In our weekly note, we suggested a move above CNY6.40 could spur a move into the CNY6.50-CNY6.60 area. Although the PBOC had appeared to shy away from using the daily fix to guide the market, it came back today.

The wide gap between the reference rate (CNY6.3996) and the median projection in the Bloomberg survey (CNY6.3895) was seen as a signal to sell the yuan.


UK Prime Minister Johnson's apology yesterday was carefully worded to avoid acknowledging that he knowingly misled Parliament, which likely would have added pressure for his resignation. In any event, there will be a vote tomorrow to turn the issue over to a committee on Parliament standards. With an 80-seat majority, Johnson does not have to worry about losing the vote.

Still, the defection of some Tories may capture the attention of the media. The police investigation was not over, and reports suggested the Prime Minister may be subject to additional fines. The key now is the May 5 local elections. A poor showing by the Tories, which seemed likely, may raise questions about Johnson's ability to lead the party to victory in 2024.

In France, Macron and Le Pen were to be in a nationally televised debate tonight. Both know how to play to the audience. The latest polls suggested Macron's lead had widened in recent days. While France has a strong presidential system, the parliamentary election in June may ultimately shape the next presidency.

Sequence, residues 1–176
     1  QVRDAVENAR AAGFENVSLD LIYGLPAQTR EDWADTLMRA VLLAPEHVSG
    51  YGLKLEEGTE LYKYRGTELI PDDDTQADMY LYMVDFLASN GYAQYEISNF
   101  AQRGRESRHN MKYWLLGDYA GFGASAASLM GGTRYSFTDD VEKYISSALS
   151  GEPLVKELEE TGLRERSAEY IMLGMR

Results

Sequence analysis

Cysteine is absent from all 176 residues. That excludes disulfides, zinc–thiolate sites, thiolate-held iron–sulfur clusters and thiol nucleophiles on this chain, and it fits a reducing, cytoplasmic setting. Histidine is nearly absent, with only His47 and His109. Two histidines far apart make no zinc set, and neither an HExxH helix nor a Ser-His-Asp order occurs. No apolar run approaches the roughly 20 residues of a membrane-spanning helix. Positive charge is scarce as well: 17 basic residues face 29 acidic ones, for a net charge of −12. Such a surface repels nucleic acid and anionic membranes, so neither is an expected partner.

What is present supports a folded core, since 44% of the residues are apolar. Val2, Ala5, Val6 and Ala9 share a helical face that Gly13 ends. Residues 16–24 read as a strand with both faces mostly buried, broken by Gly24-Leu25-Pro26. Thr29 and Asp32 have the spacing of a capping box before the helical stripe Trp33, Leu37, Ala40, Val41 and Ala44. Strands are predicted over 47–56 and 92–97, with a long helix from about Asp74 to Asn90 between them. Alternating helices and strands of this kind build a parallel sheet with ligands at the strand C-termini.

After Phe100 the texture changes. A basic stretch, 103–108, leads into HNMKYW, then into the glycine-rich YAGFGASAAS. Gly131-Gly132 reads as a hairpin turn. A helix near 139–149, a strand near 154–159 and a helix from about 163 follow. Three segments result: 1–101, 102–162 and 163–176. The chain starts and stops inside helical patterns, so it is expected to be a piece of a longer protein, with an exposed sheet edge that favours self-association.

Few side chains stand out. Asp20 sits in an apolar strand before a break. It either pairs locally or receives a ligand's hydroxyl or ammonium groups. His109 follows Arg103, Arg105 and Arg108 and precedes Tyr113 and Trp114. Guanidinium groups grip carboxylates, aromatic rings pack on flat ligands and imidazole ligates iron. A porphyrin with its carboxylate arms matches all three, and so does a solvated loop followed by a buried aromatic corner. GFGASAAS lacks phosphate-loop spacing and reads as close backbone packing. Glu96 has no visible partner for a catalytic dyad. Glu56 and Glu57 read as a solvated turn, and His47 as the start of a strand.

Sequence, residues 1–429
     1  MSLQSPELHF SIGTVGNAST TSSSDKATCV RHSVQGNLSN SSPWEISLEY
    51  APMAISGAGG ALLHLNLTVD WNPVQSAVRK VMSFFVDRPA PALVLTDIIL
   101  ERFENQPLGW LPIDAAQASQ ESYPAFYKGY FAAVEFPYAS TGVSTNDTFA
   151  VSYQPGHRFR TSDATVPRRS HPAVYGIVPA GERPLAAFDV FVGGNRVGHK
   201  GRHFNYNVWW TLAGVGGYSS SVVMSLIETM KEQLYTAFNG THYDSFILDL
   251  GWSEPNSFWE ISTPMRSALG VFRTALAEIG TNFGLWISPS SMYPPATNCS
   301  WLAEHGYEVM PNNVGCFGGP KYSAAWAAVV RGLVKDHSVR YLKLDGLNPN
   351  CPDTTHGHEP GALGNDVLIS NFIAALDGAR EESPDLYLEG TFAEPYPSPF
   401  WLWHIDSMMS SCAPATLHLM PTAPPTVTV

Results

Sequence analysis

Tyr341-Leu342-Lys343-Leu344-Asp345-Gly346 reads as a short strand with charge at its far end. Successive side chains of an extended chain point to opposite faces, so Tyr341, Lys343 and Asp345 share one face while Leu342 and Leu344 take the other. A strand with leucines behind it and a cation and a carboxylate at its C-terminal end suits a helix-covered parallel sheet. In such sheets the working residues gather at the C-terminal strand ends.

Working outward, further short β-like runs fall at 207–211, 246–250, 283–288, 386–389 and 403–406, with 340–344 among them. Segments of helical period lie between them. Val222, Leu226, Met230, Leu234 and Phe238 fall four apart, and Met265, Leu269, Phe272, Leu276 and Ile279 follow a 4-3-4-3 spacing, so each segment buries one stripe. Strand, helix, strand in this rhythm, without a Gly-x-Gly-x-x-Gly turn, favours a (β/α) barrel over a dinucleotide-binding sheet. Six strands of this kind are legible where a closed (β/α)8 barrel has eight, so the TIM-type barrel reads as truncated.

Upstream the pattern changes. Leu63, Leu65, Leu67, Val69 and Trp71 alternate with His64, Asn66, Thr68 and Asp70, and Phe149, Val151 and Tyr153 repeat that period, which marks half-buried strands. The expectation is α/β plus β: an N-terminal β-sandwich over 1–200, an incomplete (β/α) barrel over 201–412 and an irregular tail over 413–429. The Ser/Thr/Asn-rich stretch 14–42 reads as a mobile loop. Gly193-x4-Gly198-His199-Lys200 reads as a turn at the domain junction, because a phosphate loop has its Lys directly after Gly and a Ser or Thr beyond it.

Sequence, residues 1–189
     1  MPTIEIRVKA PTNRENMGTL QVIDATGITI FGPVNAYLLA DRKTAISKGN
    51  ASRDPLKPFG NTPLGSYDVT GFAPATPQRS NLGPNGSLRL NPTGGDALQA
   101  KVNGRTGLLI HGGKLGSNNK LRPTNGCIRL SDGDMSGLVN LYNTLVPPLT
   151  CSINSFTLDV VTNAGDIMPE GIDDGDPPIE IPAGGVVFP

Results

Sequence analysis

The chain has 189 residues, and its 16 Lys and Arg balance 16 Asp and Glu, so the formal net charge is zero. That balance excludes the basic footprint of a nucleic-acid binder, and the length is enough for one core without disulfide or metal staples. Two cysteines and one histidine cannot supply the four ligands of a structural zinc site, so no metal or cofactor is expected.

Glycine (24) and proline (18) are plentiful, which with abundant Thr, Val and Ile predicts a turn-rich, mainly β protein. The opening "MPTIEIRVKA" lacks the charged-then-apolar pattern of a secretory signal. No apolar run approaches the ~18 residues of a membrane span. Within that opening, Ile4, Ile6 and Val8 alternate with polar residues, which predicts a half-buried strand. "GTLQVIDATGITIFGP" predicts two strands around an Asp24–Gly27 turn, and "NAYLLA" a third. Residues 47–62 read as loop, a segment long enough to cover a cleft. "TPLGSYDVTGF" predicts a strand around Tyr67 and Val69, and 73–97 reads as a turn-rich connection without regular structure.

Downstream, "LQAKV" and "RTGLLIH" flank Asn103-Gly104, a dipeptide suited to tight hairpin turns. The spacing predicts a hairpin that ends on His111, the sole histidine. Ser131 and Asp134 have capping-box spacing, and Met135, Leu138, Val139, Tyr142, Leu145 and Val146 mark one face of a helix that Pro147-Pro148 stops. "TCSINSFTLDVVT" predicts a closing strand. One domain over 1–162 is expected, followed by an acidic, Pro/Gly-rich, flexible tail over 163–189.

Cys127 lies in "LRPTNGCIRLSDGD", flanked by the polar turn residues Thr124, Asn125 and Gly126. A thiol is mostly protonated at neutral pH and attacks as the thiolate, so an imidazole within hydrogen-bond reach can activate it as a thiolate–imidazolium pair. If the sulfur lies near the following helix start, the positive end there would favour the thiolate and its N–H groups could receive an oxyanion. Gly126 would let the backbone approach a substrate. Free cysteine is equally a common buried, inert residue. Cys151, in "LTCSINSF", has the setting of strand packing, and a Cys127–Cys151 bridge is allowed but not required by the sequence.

Meanwhile, reports suggested France had offered a security guarantee for Ukraine, but Kyiv cannot count on it yet. France is a NATO member. For it to extend a security guarantee to Ukraine is a backdoor into NATO, without the formalities. It will likely be seen that way in Washington and Moscow. It will not help end the war.

Since early last year, there has been a dramatic deterioration of the eurozone's trade balance. Consider that it recorded an average monthly trade surplus of 18.6 bln euros in 2019 and 19.5 bln euros in 2020.

In the last six months of 2021, the average monthly surplus fell to 1.7 bln euros. Earlier today, it reported a 9.4 bln euro deficit for February, its fifth consecutive shortfall. The six-month average stood at a 4.6 bln euro deficit and almost a 9.7 bln euro deficit average over the past three months. The surge in energy prices was the main culprit.

The euro was bouncing today after successfully testing the ECB-induced low from last week (~$1.0760). It was at a four-day high in Europe, having approached $1.0845.

Initial resistance may be in the $1.0860 area now, but the high from last week's ECB meeting near $1.0925 may be more important. The failure to hold above $1.08 negated the constructive price action.

Sterling settled below $1.30 yesterday for the first time since November 2020. However, there had been no follow-through selling today, briefly trading above yesterday's high (~$1.3040). Still, it needed to resurface above $1.3065 to lift the tone.